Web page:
A bridge abutment having a fill slope on the streamward side.
The term originally referred to the "spill-through" of fill at an
open abutment but is now applied to any abutment having such
A pier or abutment footing that transfers load directly to the
A permeable or impermeable linear structure that projects into
a channel from the bank to alter flow direction, induce
deposition, or reduce flow velocity along the bank.
See guide bank.
A condition of a channel when, though it may change slightly at
different times of the year as the result of varying conditions of
flow and sediment charge, there is no appreciable change from
year to year; that is, accretion balances erosion over the years.
A condition that exists when a stream has a bed slope and
cross section which allows its channel to transport the water
and sediment delivered from the upstream watershed without
aggradation, degradation, or bank erosion (a graded stream).
Water-surface elevation of a stream with respect to a reference
Natural cobbles, boulders, or rock dumped or placed as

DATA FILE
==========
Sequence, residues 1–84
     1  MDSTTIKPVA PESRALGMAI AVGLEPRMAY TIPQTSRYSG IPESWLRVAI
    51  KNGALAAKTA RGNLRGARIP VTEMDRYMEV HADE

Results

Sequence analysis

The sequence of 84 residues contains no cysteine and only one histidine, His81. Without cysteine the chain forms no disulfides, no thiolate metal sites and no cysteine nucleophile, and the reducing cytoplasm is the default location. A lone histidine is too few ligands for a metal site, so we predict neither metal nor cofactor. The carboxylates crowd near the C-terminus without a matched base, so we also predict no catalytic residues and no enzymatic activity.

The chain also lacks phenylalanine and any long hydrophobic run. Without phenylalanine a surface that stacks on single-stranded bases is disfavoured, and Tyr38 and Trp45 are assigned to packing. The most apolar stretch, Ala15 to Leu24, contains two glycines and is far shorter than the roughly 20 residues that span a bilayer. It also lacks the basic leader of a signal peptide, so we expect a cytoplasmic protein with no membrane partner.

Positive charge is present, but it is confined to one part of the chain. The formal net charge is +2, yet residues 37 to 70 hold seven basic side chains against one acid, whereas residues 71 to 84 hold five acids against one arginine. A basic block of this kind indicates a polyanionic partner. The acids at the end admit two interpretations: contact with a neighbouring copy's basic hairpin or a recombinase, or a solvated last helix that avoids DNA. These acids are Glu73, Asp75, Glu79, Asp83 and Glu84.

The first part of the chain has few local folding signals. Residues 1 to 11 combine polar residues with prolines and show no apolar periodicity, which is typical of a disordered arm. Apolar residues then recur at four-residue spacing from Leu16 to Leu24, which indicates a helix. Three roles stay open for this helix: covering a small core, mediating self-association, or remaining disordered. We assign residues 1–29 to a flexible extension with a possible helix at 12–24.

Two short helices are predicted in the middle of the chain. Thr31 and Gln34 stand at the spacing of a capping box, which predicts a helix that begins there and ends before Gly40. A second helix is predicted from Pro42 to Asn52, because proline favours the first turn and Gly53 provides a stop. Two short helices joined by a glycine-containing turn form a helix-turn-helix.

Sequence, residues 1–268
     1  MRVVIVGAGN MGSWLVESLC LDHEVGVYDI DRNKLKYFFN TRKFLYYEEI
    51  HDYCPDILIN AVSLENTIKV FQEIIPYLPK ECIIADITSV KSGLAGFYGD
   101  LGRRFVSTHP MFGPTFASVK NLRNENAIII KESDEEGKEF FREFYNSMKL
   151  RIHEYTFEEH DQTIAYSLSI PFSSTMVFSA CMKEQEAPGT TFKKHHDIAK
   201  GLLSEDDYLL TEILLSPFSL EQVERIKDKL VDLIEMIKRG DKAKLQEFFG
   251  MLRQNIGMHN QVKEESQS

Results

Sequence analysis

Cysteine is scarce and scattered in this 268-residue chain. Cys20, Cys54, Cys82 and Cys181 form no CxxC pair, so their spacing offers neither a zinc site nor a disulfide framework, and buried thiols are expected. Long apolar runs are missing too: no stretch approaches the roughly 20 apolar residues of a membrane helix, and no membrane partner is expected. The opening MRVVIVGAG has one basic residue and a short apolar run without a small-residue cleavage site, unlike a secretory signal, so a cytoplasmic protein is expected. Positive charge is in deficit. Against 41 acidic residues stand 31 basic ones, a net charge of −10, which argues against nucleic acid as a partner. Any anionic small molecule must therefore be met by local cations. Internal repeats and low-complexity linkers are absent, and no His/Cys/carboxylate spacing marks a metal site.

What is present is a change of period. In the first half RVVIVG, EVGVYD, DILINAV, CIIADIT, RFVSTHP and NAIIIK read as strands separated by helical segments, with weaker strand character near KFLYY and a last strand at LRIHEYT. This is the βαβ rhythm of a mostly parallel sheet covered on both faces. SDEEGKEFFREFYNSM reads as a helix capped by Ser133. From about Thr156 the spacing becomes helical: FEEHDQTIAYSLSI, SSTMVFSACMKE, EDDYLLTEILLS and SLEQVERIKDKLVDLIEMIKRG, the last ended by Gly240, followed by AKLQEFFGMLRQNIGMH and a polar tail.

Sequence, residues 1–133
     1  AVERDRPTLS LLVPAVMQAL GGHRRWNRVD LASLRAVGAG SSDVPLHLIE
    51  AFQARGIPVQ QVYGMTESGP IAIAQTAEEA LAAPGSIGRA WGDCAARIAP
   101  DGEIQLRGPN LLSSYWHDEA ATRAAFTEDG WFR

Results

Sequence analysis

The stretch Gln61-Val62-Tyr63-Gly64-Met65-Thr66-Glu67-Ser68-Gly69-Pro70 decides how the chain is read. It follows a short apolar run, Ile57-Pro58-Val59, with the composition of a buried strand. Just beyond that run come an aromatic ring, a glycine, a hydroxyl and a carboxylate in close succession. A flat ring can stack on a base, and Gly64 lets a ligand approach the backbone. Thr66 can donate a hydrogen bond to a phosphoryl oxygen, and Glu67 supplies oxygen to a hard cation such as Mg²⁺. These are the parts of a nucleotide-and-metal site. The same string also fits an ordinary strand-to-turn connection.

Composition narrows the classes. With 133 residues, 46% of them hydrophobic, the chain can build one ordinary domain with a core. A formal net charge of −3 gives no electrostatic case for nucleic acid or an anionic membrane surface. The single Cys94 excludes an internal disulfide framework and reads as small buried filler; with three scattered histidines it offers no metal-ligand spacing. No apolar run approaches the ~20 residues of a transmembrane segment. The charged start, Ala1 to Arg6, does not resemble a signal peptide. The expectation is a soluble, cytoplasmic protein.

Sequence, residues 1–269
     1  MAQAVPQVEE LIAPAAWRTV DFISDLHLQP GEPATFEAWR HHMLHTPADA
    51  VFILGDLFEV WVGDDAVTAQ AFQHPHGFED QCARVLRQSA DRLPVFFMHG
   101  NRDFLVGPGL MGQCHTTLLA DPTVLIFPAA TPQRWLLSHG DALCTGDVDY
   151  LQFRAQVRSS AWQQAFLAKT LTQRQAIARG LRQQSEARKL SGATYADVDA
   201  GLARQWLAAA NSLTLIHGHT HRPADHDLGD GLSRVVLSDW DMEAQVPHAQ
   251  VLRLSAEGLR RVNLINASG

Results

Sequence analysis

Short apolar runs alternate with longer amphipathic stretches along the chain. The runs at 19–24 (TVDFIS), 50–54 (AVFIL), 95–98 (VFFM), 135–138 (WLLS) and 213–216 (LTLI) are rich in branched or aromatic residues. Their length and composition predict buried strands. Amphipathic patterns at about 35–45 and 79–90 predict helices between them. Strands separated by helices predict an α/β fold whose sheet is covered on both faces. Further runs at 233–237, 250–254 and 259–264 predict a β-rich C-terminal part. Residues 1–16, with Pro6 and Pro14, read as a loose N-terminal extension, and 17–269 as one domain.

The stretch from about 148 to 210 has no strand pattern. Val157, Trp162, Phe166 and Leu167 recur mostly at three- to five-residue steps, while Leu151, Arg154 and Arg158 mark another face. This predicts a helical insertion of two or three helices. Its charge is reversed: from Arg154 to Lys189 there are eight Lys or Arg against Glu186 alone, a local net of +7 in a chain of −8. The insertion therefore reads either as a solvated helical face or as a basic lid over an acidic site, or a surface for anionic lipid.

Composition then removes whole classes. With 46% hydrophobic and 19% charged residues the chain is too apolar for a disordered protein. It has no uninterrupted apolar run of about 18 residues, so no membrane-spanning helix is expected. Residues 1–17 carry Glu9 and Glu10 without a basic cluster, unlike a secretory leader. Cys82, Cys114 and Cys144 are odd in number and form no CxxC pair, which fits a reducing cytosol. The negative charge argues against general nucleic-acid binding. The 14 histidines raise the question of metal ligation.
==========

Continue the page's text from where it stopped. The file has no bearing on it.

protection against erosion.
A body of water that may range in size from a large river to a
small rill flowing in a channel. By extension, the term is
sometimes applied to a natural channel or drainage course
formed by flowing water whether it is occupied by water or not.
Removal of soil particles or a mass of particles from a bank
surface due primarily to water action. Other factors such as
weathering, ice and debris abrasion, chemical reactions, and
land use changes may also directly or indirectly lead to bank
Sudden collapse of a bank due to an unstable condition such
as removal of material at the toe of the bank by scour.
Any technique used to prevent erosion or failure of a
The quantity of sediment passing through a stream cross
section above the bed layer in a unit of time suspended by the
turbulence of flow (suspended load).